Created through a merger in 2015, Kellerhals Carrard has five offices in Switzerland: Basel, Berne, Lausanne, Sion and Zurich. The firm has a full-service offering with a particular focus on the financial services, life sciences, information, technology and media, sport and entertainment, energy, real estate/construction and retail sectors.
Lalive is an independent, internationally orientated law firm located in Geneva and Zurich. The firm is seen as “a world leader” in international commercial arbitration and, in this regard, it is “virtually unmatched” in the skill and depth of its practitioners.
As the country’s largest independent law firm, Lenz & Staehelin hold a prominent position within the Swiss legal market. Its offices in Geneva, Zurich and Lausanne provide clients with comprehensive legal services on a range of legal matters, with particular strengths in corporate and finance law. The firm prides itself on its specialist knowledge and ability to deliver comprehensive and practical solutions to clients. This year, 39 individuals garner 73 listings across 25 practice areas.
Meyerlustenberger Lachenal is one of Switzerland’s largest and most reputable international law firms. With offices in Zurich, Geneva, Zug, Lausanne and Brussels, the firm comprises over 80 lawyers, forming a strong team of specialists providing innovative and solution-focused services. This is reflected in its 23 listings across 12 different practice areas.
Since its establishment in 1936, Niederer Kraft & Frey has built a strong profile in Switzerland and internationally for its market leading legal advice. Located in the heart of the banking and financial district in Zurich, the firm is well known for its proven track record of advising clients in the sector.
Pestalozzi Attorneys At Law is the longest-established of the major Swiss law firms, with its origins going back to 1911. As a full service firm with offices in Geneva and Zurich, the firm supports international and domestic clients with all aspects of Swiss law, and prides itself on its “integrity, high quality standards, and proven effectiveness.” With an unparalleled reputation for being one of Switzerland’s top law firms, Pestalozzi Attorneys at law remains adaptable in the market with 27 lawyers listed across 16 practice areas in this edition.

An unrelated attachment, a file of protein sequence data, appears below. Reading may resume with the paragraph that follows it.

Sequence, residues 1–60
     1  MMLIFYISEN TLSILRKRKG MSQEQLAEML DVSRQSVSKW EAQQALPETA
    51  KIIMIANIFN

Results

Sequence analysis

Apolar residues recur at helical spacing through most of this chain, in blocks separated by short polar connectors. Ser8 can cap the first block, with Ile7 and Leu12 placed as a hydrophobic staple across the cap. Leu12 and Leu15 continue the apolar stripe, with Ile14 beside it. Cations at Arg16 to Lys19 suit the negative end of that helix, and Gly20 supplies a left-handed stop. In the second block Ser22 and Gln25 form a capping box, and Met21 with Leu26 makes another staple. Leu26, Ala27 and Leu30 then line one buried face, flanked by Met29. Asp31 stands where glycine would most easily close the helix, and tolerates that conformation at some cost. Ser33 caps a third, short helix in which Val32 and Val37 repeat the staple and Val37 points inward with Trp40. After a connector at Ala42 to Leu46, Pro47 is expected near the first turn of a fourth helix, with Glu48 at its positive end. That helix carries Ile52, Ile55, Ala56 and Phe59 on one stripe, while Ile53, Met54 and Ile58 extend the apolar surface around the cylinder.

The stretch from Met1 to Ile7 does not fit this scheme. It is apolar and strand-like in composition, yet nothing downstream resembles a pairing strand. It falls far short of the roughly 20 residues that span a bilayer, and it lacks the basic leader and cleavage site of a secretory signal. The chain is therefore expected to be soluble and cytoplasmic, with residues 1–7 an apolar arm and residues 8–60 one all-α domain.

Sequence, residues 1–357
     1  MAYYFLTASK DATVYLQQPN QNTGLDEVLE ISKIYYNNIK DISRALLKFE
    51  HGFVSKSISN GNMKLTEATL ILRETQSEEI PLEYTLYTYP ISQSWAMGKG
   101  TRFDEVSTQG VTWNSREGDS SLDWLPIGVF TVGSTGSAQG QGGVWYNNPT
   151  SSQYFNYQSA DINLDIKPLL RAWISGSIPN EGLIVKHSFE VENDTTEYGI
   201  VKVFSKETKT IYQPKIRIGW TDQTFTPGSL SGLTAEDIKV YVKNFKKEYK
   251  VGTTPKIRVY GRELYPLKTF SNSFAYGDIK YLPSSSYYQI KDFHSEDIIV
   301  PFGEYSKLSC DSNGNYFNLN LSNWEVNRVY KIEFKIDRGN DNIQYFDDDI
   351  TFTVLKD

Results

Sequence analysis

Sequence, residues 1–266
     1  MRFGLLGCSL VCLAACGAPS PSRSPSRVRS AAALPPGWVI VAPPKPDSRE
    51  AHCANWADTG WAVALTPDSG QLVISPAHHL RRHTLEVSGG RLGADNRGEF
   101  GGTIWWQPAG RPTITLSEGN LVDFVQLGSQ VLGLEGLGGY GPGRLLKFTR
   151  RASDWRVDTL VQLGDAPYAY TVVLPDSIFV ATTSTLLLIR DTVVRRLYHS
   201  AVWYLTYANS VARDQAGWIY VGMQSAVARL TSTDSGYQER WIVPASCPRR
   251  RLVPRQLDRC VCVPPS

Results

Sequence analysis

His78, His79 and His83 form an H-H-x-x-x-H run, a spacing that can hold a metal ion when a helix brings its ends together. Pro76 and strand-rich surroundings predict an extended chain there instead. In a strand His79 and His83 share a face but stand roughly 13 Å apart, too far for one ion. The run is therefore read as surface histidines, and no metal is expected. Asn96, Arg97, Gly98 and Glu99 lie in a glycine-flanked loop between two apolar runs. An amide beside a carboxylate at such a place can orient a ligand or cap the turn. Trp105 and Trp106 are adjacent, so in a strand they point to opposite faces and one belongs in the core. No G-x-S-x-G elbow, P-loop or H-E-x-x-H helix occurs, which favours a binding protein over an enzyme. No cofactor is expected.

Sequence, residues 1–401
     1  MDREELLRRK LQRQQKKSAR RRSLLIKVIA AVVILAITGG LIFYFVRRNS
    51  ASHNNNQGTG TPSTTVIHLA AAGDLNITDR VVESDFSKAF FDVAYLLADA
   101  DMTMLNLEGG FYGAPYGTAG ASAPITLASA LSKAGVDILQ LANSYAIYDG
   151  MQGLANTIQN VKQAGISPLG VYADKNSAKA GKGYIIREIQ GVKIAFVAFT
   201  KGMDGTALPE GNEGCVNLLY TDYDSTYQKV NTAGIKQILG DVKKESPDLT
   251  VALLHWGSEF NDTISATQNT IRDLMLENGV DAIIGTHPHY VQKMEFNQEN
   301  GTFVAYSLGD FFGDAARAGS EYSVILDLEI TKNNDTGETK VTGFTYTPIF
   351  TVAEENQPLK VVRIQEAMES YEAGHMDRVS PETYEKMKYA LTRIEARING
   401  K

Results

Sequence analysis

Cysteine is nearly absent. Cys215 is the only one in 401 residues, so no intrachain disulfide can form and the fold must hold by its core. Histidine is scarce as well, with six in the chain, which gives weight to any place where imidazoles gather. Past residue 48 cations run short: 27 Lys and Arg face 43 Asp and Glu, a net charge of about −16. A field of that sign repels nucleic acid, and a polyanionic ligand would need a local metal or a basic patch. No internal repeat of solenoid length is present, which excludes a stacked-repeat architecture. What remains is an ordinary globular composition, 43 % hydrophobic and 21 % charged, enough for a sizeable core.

Schellenberg Wittmer is one of Switzerland’s leading business law firms, offering clients a full service with a roster of senior practitioners who are often considered leaders in the market. This year the firm garners an impressive 67 listings across 25 practice areas, with the firm performing particularly strongly in the fields of dispute resolution, asset recovery, corporate tax, private client and business crime defence.
Vischer is a leading provider of business, tax and regulatory law advice in Switzerland. Over the years it’s developed a “fantastic reputation” in the market, especially for its work in dispute resolution, energy and environment, and transport. In this year’s edition the firm received 18 listings across 15 practice areas.
With a legal team of 150 experts, as well as approximately 100 employees in support functions, Walder Wyss is one of Switzerland’s most prominent law firms. With offices in Zurich, Geneva, Basel, Berne, Lausanne and Lugano, the firm is able to provide “first-rate” services to national and international clients in all language regions of the country. The firm prides itself on the high quality of its practitioners, its creativity and its multi-disciplinary teams, all of which allow them to provide quick and reliable services to clients. Walder Wyss maintains its position this year as a leading Swiss firm, with 58 listings across 21 practice areas.
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Nominees have been selected based upon comprehensive, independent survey work with both general counsel and private practice lawyers worldwide. Only specialists who have met independent international research criteria are listed.